Disintegration Of Martian Moons Could Lead To Saturn-Like Rings Around The Red Planet
Scientists discovered that Mars' two moons, Phobos and Deimos, are slowly disintegrating or being chipped away as they are pulled closer to Mars. Their leftover debris or dust could contribute to the forming of Mars' future rings.
The findings of the discovery were printed in the journal Icarus. It was led by researchers from India's Physical Research Laboratory. The team found that massive particles hover around Mars as seen in the images sent back by NASA's Mars Atmosphere and Volatile Evolution (MAVEN) in 2013. Meanwhile, the solar winds are dragging the small particles that could lead to Saturn-like rings around the Red Planet, according to Express.
The Martian moon Phobos may be ripped apart and form rings around Mars in the very distant future https://t.co/4f14i7skjB
— Graham Lau (@cosmobiologist) November 24, 2015
The team speculates that about 0.6 percent of the dust is formed by the moons. This will significantly increase as years pass by. Currently, the moons' orbit is reduced by 2 meters (6.5 feet) every century that could lead to an end of the satellite.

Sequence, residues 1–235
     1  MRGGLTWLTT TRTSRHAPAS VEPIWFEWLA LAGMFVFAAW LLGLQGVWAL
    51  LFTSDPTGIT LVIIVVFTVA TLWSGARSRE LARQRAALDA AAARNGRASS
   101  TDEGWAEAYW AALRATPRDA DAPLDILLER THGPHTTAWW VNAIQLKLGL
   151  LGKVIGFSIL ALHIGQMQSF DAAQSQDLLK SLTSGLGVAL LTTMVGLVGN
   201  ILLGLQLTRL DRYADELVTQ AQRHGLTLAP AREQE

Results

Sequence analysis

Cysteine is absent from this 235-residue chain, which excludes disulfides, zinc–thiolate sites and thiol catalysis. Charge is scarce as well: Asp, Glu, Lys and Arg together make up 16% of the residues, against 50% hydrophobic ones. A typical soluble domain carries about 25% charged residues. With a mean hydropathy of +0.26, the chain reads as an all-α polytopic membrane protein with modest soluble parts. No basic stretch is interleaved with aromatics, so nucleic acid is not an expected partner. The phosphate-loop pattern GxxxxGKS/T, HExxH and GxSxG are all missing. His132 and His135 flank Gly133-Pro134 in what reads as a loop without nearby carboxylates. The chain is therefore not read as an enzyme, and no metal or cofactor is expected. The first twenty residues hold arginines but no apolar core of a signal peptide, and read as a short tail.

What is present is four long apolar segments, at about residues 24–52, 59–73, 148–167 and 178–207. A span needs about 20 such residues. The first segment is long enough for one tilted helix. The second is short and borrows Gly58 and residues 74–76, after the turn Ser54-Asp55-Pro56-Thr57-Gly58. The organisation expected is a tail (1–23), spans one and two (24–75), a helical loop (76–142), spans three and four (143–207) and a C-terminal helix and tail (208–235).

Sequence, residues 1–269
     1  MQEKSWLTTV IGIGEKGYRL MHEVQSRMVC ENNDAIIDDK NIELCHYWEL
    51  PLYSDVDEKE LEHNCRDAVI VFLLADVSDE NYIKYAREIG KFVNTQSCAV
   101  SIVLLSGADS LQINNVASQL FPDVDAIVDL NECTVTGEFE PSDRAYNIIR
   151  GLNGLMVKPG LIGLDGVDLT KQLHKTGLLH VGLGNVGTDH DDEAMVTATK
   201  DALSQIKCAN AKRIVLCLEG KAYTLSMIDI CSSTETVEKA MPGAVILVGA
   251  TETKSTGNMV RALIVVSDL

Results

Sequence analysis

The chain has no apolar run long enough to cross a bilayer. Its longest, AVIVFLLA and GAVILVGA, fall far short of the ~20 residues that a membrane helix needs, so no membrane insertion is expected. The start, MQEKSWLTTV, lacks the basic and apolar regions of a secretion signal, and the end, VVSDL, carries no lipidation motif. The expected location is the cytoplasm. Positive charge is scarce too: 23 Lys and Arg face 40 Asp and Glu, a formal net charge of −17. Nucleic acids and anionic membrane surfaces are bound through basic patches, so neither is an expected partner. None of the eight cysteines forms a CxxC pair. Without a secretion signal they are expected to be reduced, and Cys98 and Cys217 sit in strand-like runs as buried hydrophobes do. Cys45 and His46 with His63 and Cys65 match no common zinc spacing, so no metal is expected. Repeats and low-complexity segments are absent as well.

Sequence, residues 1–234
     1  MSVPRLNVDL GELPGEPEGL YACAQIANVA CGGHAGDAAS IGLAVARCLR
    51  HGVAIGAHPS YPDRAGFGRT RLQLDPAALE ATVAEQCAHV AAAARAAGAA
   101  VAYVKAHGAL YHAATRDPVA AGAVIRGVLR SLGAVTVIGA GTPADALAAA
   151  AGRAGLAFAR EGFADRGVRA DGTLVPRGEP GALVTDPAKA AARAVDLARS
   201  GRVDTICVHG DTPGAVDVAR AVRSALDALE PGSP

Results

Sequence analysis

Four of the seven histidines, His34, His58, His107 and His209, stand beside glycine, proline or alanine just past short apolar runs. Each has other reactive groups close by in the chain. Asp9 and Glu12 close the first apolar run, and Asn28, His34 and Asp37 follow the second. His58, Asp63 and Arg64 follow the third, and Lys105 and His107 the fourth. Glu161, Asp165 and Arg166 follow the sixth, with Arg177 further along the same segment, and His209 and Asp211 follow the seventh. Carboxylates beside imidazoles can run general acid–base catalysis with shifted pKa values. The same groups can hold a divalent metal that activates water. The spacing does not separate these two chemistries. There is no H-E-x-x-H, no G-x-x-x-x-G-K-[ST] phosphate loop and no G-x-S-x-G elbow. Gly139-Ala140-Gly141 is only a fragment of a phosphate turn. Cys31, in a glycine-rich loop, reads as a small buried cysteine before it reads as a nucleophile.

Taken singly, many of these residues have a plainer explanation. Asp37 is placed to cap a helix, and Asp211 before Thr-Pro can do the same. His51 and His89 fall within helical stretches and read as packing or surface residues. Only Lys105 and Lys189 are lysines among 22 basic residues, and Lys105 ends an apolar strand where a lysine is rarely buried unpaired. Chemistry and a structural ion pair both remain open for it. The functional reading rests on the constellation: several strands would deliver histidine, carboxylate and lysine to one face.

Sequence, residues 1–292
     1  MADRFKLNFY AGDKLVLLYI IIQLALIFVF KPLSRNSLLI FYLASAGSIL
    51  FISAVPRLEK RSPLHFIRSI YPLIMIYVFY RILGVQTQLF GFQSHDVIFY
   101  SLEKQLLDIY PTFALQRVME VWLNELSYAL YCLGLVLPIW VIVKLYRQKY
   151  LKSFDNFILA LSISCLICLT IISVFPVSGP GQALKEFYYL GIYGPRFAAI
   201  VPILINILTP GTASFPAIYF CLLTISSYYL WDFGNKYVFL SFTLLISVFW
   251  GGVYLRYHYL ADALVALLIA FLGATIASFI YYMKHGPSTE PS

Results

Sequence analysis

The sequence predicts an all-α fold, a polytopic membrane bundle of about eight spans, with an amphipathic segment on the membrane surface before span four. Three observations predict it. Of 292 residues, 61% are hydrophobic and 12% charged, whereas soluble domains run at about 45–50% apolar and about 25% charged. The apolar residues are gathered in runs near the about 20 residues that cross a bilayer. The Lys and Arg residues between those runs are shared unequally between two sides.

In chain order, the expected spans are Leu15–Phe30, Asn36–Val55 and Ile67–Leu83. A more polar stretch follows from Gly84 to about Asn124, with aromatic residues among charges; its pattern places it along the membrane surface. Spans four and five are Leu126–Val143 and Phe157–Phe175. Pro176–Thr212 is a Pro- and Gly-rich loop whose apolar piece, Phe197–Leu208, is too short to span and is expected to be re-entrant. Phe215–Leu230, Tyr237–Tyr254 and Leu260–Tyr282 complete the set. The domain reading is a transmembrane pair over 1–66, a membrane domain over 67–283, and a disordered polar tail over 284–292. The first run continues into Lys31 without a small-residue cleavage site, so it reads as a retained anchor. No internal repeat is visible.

The moon Phobos will collide into the surface of Mars. Its pieces of rock and dust will be pulled into a long orbit around Mars as the moon fractures and will shape into a ring, according to Science Alert.
Meanwhile, the researchers from MAVEN are not fully convinced. Laila Andersson, the MAVEN investigator, said that there was no indication of an increase in dust in the orbits or vicinity of Phobos and Deimos. She further said that to truly say anything definitive about the dust, one really needs to have a dedicated dust detector.
"We still haven't seen a good indication that there is significant material in the vicinity of the moons. So, I think it's a long shot," said Andersson. On the other hand, she added one should never say never.